My other grandmother, my maternal grandmother, Lily Anne Walters (nee Kingsbury) had a job for while during the 1920s or 1930s in a factory on Missenden Road at Camperdown in Sydney putting tongues in tins.
About PerdriausAccording to the article, The Harbour that Worked (2004), Perdriaus was one of the largest employers in Sydney in the 1920s:
"The factory at Birkenhead Point (now a shopping centre) was started in the late 1890’s by Henry Perdriau to mould India-rubber goods. He moved progressively into making rubber products for cars including shock absorbers, springs and radiator hoses and started the manufacture of rubber tyres around 1914. In 1928 the factory was one of Sydney's largest employers with a payroll of 2300. The following year the company merged with Dunlop to form the Dunlop Perdriau Rubber Company Limited and after another merger in 1941, it became Dunlop Rubber Australia Limited. "
Source: The Harbour that Worked (2004) by Engineers Australia Sydney, Engineering Heritage Committee, available at: https://www.ipenz.org.nz/heritage/conference2005/Tours/HarbourCruise_West_Notes.pdf
Click on the link below to see a photo of what it was like inside the Perdriau Rubber Factory in Melbourne in the 1920s. I guess these conditions were similar to the working environment that my grandmother worked in at the Sydney factory.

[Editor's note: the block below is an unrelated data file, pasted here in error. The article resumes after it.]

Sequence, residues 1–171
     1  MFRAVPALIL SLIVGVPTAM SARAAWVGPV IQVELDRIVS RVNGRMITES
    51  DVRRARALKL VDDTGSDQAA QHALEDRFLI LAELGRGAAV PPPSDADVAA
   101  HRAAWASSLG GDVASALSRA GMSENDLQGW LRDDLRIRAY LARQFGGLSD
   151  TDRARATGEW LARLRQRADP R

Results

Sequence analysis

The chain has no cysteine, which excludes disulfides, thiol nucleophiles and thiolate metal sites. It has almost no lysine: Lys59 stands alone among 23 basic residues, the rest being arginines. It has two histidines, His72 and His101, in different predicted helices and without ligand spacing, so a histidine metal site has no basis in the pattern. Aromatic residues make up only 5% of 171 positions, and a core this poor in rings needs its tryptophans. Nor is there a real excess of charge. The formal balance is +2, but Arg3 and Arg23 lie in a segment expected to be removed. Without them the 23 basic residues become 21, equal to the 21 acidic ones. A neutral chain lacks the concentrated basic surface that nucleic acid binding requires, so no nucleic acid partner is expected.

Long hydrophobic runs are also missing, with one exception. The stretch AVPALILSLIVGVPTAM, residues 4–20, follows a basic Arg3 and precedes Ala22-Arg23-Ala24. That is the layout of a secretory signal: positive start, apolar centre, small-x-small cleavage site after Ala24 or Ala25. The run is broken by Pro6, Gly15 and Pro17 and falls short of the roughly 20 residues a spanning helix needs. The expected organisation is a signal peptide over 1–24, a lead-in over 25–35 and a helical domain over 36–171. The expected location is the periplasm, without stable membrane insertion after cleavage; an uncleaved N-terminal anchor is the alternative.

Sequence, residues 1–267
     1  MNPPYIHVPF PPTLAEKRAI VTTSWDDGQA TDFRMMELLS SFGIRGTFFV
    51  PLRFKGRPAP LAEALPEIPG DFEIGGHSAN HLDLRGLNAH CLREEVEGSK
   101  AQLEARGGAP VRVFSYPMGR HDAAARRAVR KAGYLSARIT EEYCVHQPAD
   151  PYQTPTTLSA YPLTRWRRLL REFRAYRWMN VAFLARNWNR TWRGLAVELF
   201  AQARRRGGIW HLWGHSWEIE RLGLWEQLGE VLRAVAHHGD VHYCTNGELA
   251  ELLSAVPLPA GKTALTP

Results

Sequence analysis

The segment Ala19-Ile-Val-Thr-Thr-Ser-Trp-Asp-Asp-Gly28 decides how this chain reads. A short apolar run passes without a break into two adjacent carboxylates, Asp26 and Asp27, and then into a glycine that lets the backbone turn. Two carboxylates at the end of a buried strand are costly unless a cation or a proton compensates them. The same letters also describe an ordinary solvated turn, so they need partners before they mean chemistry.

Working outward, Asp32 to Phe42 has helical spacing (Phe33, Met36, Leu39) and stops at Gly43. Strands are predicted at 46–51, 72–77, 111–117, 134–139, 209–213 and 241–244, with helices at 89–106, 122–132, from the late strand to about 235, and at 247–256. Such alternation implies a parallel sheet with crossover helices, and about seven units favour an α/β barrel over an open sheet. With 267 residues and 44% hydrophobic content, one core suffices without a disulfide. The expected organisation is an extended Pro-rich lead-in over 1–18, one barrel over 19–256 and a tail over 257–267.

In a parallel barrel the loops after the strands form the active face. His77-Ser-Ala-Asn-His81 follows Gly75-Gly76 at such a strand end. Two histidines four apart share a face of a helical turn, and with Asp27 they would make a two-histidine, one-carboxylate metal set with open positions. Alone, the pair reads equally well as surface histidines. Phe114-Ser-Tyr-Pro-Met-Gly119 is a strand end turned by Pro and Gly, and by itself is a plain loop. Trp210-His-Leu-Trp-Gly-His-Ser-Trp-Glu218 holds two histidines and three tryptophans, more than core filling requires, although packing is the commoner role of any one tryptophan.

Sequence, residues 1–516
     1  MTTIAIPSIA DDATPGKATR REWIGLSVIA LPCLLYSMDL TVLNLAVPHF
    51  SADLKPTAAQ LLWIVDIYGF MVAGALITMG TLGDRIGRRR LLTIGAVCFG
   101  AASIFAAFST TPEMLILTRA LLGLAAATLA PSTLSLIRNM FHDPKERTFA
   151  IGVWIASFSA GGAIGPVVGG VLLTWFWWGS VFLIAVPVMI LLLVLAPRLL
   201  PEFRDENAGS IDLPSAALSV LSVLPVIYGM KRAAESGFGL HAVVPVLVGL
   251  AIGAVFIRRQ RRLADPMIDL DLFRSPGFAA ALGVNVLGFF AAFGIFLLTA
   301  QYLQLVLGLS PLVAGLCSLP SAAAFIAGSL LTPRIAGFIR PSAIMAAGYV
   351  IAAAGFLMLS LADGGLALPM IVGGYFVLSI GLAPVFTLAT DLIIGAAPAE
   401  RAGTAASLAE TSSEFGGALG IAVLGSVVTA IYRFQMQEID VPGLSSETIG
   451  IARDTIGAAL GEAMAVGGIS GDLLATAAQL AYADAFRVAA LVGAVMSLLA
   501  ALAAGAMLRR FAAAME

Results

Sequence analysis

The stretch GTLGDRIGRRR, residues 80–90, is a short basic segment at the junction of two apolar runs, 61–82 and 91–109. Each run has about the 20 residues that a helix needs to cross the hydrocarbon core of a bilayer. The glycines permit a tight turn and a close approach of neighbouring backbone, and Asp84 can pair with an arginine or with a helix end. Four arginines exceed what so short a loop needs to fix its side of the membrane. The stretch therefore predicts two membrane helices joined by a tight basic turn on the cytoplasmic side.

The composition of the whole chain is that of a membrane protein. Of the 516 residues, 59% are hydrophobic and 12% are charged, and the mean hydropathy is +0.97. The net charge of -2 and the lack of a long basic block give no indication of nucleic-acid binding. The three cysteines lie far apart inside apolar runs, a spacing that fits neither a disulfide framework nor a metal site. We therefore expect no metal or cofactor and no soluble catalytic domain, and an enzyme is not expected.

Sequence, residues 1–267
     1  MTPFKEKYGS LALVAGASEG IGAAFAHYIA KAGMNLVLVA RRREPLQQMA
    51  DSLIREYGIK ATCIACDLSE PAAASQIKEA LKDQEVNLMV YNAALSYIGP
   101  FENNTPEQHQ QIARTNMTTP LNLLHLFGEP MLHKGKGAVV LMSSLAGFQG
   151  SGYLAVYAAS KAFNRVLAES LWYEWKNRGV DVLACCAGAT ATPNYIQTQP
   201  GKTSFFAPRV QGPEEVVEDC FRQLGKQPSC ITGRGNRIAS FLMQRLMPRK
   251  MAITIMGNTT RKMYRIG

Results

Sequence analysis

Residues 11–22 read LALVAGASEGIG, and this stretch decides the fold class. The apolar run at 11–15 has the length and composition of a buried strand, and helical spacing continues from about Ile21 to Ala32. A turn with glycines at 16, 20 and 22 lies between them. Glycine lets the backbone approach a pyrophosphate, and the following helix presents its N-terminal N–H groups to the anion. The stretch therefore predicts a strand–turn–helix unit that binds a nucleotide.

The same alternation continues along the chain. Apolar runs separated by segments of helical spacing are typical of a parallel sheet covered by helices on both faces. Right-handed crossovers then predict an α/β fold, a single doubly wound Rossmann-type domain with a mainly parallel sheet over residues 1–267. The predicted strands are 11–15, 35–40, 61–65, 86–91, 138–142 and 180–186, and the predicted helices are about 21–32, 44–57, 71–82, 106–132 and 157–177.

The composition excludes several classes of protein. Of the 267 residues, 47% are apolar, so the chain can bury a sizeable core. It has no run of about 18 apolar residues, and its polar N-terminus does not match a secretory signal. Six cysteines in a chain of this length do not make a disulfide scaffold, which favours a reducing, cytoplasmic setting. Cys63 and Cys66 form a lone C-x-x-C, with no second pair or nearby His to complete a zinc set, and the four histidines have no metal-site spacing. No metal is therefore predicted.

Source: National Library of Australia http://hdl.handle.net/1885/48352
[I haven't reproduced this image here as I don't think the copyright of the pic allows me to include a copy here.]
My mother, Margaret Anne Northcote (nee Walters) also worked at the Dunlop Factory at Drummoyne (Birkenhead Point), years later in 1960-1961 in a typing position in the shipping department. She remembers that the word "tyre" was hardly ever mentioned. Instead, the terms covers, flaps and tubes were used to describe various parts of the tyre. At the time when she was working there, there were 1600 employees at Dunlop, according to Wikipedia (https://en.wikipedia.org/wiki/Birkenhead_Point).